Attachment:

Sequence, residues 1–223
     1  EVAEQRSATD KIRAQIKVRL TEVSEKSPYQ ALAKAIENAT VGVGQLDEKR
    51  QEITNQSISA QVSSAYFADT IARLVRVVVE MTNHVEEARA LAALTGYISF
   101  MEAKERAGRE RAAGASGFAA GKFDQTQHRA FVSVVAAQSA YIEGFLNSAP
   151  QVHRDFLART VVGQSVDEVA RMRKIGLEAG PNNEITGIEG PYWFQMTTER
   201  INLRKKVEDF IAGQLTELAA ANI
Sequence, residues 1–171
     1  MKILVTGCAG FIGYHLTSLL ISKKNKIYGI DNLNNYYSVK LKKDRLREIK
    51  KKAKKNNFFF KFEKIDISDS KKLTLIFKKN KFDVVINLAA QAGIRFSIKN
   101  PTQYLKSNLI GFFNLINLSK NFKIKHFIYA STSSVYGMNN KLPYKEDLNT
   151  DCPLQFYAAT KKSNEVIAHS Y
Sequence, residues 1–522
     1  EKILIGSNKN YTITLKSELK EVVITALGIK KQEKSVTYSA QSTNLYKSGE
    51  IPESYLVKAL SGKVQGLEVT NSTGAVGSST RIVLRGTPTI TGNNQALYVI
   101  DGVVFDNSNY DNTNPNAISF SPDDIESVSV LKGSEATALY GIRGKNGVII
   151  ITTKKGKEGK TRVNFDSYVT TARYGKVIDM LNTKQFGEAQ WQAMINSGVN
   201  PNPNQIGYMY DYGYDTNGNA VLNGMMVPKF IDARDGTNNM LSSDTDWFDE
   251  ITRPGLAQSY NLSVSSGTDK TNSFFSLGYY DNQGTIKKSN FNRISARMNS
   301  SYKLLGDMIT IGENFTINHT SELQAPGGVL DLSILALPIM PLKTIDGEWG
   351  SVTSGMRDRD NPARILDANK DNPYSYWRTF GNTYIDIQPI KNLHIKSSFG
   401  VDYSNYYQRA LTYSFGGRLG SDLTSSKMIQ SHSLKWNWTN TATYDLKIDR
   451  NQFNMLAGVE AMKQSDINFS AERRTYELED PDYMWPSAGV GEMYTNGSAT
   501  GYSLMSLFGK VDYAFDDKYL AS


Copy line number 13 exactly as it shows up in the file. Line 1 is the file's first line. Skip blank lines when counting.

     1  EKILIGSNKN YTITLKSELK EVVITALGIK KQEKSVTYSA QSTNLYKSGE